We live in a world filled with fluids, such as water (a liquid), steam (a vapour), air (a gas), and the myriad other fluids, both natural and manmade, that are necessary to sustain life in the modern era. The study of fluid mechanics focuses on the ways in which fluids move in response to external stressors. Students of mechanical engineering, as well as students of chemical engineering, aviation and aerospace engineering, and civil engineering, all place a significant emphasis on the study of this topic during their academic careers. This electronic textbook (Introduction to Engineering Fluid Mechanics by Marcel Escudier) is available in PDF format, and it contains numerous examples of practical applications of the theoretical ideas presented. Some of these examples include calculating the thrust of a jet engine, the shock- and expansion-wave patterns for supersonic flow over a diamond-shaped aerofoil, the power output of a gas turbine, and the forces created by liquid flow through a pipe bend and/or junction.
The first ten chapters of the book are organized in a manner that is appropriate for first-year college students. The second part of the book includes subject matter that is appropriate for fluid mechanics classes taken by senior-level college students. Despite the fact that familiarity with calculus is required, the primary focus of this book is the underlying physics. This book places a strong emphasis on the importance of dimensions and dimensional analysis. In addition, it contains significantly more information on the flow of non-Newtonian liquids than is typically found in a general book on fluid mechanics. This serves as a useful reminder that the vast majority of synthetic liquids have a non-Newtonian nature.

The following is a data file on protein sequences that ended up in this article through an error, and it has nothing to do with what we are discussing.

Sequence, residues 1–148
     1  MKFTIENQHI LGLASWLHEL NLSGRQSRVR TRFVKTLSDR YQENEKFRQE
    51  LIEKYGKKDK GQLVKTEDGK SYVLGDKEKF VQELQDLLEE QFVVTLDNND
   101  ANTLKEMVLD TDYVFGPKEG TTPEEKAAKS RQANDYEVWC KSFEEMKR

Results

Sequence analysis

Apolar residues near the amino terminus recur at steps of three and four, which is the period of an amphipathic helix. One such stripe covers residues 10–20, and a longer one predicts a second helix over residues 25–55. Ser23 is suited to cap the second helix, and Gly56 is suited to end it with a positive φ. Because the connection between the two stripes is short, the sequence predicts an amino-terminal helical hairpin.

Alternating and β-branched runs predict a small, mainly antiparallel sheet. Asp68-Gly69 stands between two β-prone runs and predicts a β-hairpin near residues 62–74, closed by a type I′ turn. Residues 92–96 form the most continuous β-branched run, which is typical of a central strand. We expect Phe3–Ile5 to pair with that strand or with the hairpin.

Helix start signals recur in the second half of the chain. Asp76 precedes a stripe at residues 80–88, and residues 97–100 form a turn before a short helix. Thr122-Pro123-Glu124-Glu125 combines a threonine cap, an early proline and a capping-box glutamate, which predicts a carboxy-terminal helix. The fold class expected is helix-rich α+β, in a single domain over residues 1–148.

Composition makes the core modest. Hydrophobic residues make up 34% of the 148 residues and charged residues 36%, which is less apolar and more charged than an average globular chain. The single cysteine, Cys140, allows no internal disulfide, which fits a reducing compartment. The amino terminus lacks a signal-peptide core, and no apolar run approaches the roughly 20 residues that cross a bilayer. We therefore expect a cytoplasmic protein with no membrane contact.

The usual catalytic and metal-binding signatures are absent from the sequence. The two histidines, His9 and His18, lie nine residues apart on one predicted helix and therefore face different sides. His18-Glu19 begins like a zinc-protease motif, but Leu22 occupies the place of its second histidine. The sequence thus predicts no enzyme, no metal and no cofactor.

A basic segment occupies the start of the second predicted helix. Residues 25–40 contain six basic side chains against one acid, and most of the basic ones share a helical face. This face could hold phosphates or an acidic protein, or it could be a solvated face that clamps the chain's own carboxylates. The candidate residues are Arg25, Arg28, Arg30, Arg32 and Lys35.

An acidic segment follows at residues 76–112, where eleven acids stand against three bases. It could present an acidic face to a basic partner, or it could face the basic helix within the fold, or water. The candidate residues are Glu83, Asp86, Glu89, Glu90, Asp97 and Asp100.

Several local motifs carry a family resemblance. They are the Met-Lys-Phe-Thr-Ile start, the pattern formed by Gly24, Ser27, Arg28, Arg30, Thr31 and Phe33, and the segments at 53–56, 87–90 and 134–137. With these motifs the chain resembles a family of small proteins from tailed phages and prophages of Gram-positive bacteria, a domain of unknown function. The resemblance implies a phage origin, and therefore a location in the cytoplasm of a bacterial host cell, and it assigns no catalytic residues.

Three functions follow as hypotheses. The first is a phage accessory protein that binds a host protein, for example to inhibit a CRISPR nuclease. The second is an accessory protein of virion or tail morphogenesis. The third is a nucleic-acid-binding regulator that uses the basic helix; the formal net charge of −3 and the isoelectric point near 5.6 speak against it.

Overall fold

In the Words of the Author
The University of Liverpool's Department of Mechanical Engineering is now led by Emeritus Harrison Professor Marcel Escudier. After working as the Gruppenleiter für Stromungsmechanik at the Brown; Boveri Research Centre in Switzerland from 1974 to 1986, he joined Schlumberger Cambridge Research in the United Kingdom as the Head of the Fluid Mechanics Department. This position he held until 1986. His study on turbulent boundary layers, vortex collapse, flaming plumes, and the flow of non-Newtonian liquids has been the subject of approximately sixty research publications that he has published. In the year 2000, he received the honor of becoming a Fellow of the Royal Academy of Engineering.